“It’s something you would just expect a good major league hitter to be doing to prepare. Not something you think of for someone at 42. I think about that all the time because we were born in the same year,” Cardinals hitting coach Jeff Albert said. “I’m watching this thinking: ‘Man, this is so amazing. This is impressive.’ ”

Albert and others around the Cardinals point to the same few Pujols swings when they realized something special might be on the way. The Alberts (Jeff and Pujols) knew on a sacrifice fly in Atlanta just before the all-star break that the adjustments they were making to help him stay through the ball better were settling in, that his timing was back where he needed it to be.

Edman and Albert both recalled the low line drive Pujols hit against Kevin Gausman in Toronto in late July, the one that flew more than 400 feet to dead center — the kind of righty-righty swing he wasn’t supposed to be delivering these days.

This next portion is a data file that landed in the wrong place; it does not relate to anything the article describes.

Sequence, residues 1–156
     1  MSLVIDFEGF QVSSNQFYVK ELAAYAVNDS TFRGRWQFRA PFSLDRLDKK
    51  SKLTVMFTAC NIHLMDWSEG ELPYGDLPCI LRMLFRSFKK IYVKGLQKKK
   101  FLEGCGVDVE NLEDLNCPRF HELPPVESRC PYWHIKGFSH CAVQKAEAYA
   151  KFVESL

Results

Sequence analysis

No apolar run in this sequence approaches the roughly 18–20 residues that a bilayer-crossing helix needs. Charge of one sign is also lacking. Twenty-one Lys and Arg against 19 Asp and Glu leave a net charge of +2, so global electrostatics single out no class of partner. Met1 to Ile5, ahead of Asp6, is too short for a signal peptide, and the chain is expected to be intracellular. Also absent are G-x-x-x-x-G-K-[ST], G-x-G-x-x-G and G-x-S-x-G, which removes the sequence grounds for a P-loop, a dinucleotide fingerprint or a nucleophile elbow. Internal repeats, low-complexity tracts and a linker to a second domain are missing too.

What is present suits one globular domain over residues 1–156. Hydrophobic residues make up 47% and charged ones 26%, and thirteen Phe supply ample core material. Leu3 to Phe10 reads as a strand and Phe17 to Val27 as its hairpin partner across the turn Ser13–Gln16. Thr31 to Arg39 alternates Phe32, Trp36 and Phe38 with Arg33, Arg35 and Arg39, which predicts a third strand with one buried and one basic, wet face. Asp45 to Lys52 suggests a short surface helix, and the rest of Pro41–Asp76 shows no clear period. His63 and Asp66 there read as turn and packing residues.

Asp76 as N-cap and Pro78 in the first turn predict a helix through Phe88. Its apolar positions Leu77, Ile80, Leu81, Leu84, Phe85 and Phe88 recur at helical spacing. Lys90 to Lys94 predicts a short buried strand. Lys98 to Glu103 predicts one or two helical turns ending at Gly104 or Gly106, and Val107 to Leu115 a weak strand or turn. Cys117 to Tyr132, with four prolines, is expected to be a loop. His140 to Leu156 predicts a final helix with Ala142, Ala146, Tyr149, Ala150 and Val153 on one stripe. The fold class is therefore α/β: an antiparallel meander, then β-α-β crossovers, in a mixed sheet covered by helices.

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There was the two-homer day against the Brewers in Milwaukee and the game-tying homer against the Pittsburgh Pirates last weekend. And there was that swing against the Cubs, the one that left Pujols almost laughing as he rounded the bases, while his manager and his teammates watched the man who has done some much for the game and franchise realize this may end the way he wanted after all.

“That was a different emotion to him after that home run,” Marmol remembered. “You could see it was like, ‘Holy cow, that just happened.’ And he just smiled and laughed as he rounded the bases like ‘I can’t believe that just took place.’ ”